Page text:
A federal judge has promised to decide by May 23 whether he will allow the Biden administration to go forward with its plans to end the border policy known as Title 42.

U.S. District Court Judge Robert Summerhays of the Western District of Louisiana told Justice Department and state attorneys general during a hearing Friday that he will continue the temporary halt on President Joe Biden's plan to stop imposing the pandemic public health policy, which allows for most illegal migrants who come across the border to be turned back. A final decision and more details will be released in the next 10 days.

The Biden administration announced in early April that it would end Title 42 at the recommendation of the Centers for Disease Control and Prevention. For more than two years, the CDC has recommended that U.S. border authorities expel people rather than take them into custody on the basis that it would slow the spread of the coronavirus. During that time, the United States expelled 1.6 million people through the authority.

The administration moved to lift the policy after months of pressure from immigrant advocates, who say that the rule unfairly penalizes people seeking asylum. But, the change is expected to result in even more chaos at the border.


Arizona, Louisiana, and Missouri sued the Biden administration in early April on the basis that the federal government had failed to plan for how it would adequately respond to the anticipated surge in noncitizens expected to cross when Title 42 goes away.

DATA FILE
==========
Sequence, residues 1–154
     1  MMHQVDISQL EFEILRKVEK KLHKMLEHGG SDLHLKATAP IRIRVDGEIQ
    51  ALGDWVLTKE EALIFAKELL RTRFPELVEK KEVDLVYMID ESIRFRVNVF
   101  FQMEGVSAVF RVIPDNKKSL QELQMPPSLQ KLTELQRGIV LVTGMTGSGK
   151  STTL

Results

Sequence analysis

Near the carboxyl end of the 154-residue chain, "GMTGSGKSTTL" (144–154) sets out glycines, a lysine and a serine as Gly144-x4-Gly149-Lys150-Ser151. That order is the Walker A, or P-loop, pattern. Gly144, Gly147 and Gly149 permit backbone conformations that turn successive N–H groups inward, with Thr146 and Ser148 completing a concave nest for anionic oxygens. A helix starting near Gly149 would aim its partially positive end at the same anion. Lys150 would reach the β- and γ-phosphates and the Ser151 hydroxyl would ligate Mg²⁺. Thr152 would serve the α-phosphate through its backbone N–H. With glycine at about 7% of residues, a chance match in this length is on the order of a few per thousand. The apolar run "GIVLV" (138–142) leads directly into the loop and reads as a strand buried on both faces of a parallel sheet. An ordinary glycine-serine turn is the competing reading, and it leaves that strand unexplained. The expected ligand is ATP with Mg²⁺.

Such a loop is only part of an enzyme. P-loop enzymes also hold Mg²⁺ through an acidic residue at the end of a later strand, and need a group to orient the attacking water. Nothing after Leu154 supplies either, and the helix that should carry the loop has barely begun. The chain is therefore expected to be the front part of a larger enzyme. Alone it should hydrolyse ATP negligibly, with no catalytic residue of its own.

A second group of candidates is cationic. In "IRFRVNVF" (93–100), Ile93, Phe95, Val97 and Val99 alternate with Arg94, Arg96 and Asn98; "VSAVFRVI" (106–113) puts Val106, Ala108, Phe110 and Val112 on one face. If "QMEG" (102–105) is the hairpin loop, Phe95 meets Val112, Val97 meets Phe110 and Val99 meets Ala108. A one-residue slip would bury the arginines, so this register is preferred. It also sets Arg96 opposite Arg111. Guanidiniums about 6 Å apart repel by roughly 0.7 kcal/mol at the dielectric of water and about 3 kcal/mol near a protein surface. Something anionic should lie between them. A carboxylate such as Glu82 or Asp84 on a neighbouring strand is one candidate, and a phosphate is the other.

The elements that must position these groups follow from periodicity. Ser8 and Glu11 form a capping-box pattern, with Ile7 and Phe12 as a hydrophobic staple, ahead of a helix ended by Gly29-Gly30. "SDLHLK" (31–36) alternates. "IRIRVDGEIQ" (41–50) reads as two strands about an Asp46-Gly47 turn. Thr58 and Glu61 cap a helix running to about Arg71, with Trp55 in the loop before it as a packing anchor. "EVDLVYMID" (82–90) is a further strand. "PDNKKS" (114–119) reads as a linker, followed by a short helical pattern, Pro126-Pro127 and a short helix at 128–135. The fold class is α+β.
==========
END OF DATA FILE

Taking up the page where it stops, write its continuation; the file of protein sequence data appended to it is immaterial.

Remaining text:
"This suit challenges an imminent, man-made, self-inflicted calamity: the abrupt elimination of the only safety valve preventing this Administration’s disastrous border policies from devolving into an unmitigated chaos and catastrophe," the complaint states.

Eighteen other states have joined the initial three, for a total of 21 states.

Summerhays, a Trump appointee, initially said on April 27 that he would issue a temporary restraining order against ending Title 42.

In court in Lafayette, Louisiana, Solicitor General Jean Lin argued that the CDC had judged by the availability of coronavirus vaccines, the decline in infectious people, and the availability of tests that it was the appropriate time to end the policy.

But Arizona Deputy Solicitor General Ensign argued that the CDC’s decision was “arbitrary and capricious” because it failed to take into account the harm that states would sustain if, as predicted, 18,000 noncitizens are encountered at the border each day in the weeks after May 23.

“It has been proven in courts that the burden cost of illegal immigrants lay over the states’ shoulder,” Ensign said, according to a report by the Acadiana Advocate from inside the courtroom. “We don’t have two different healthcare systems, one for the pandemic and one for the other services. That means that the extra cost related to the illegal immigrants will affect the capacity of our system to face COVID-19.”


Lin maintained that Title 42 was not an immigration order and that the CDC’s decisions “can’t be based on the alleged projection of the number of immigrants crossing the border or the alleged rise in healthcare costs.”